Donald Trump's Night With Rich Donors in Beverly Hills

The president who campaigned as an independent outsider, beholden to no one, asks deep-pocketed contributors for their support.

Joshua Roberts / Reuters

Would it be worth it for America to elect a president who lacked experience and moral character if he could also promise unusual independence from moneyed elites?

Under Donald Trump, we won’t get an answer.

During the 2016 campaign, Trump told voters that he was self-funding his campaign, in contrast to other politicians who’d be beholden to wealthy interests. “You know a lot of times you see these really dumb deals,” he told Iowa voters in one characteristic pitch. “And you’ll say that’s dumb. It doesn’t make sense. But then when you think, it does make sense because these politicians are representing interests, whether it’s a country or a company, where doing the stupid deals actually makes sense only for that politician and for that company or country.”

Trump’s campaign did not honor the promise implicit in his words—it relied on spending from allied groups, backed by donors who went on to play influential roles in the transition and administration. As USA Today noted, for example, “billionaire Peter Thiel, who is playing a key role in Trump’s transition, donated $1 million in late October to Make America Number 1, a pro-Trump super PAC aligned with New York hedge-fund billionaire Robert Mercer and his daughter Rebekah.”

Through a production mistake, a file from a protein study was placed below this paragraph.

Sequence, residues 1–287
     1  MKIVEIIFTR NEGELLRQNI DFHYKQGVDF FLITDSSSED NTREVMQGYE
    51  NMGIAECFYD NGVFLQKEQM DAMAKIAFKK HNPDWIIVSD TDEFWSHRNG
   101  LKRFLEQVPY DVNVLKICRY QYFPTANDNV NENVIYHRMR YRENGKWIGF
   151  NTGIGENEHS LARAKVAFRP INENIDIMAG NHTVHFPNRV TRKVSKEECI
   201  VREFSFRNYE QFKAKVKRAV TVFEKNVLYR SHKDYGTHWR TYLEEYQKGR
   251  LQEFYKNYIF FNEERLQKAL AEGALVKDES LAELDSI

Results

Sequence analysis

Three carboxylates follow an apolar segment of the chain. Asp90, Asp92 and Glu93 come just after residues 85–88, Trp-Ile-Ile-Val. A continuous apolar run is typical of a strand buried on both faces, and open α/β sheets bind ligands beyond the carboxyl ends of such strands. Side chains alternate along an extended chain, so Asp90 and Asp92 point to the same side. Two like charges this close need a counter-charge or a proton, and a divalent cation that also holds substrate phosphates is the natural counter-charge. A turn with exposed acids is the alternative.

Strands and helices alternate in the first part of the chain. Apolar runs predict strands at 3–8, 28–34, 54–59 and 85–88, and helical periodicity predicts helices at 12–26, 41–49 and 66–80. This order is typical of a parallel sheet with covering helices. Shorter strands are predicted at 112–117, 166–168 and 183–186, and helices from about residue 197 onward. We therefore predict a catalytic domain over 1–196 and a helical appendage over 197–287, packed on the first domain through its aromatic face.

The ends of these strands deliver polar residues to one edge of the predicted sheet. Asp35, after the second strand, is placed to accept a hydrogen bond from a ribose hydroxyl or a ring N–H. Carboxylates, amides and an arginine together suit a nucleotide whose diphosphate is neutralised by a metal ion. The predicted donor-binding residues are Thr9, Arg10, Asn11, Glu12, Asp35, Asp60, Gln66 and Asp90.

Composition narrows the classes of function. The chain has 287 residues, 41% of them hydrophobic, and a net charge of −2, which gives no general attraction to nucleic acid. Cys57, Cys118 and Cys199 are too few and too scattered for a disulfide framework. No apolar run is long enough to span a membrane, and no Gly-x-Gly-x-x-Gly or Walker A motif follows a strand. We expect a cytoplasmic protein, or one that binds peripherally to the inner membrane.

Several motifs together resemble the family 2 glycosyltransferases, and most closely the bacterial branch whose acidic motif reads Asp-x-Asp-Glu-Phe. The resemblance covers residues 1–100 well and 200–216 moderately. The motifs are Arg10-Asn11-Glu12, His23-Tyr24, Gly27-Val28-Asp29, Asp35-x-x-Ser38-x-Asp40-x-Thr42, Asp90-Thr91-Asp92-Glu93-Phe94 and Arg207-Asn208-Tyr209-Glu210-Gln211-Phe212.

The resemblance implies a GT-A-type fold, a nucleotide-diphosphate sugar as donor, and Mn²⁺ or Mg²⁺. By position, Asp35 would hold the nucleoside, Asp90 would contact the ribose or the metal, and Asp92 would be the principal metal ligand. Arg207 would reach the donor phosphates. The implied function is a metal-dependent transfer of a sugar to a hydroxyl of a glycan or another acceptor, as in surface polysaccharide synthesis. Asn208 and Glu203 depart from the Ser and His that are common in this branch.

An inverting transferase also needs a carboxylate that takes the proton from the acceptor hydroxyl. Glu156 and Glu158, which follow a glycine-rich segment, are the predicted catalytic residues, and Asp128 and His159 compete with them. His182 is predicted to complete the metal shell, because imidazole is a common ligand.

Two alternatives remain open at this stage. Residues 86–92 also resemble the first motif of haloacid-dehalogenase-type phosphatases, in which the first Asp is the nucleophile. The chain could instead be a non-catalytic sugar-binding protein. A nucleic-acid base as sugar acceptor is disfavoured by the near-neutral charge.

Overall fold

And Trump is now governing in a manner that underscores the falseness of his pretenses. The latest example is unfolding in Southern California, which Trump is visiting in order to spend time accommodating extremely rich people in exchange for big donations. The Los Angeles Times published an advertisement for the event, which is being held Tuesday in Beverly Hills and co-hosted with the Republican National Committee. The price of admission: $35,000 per person for dinner with no perks.

A photo with the president costs $100,000 per couple.

This sort of event is no different from many that former President Barack Obama attended over his eight years in office—or those that Hillary Clinton would be attending had she been elected. The difference is that Trump represented himself as someone who would “drain the swamp,” explicitly critiqued other pols who took money from elites, and presented himself as rich enough to be an alternative who wouldn’t be similarly beholden.

It would have been nice for the country if Trump’s flaws and inexperience were at least offset by unusual independence from moneyed interests, as some of his supporters expected. But those supporters ought to know that it hasn’t turned out that way.

Trump talked enough about the Rust Belt and coal country to win votes there. But his bread is still buttered in Beverly Hills, 90210, with people so fantastically wealthy that they can afford to drop six figures on a photo “opportunity” with a politician.

Trump’s presidency carries all the risks of empowering an inexperienced outsider, but isn’t yielding attendant rewards, because his selling point of independence was a con.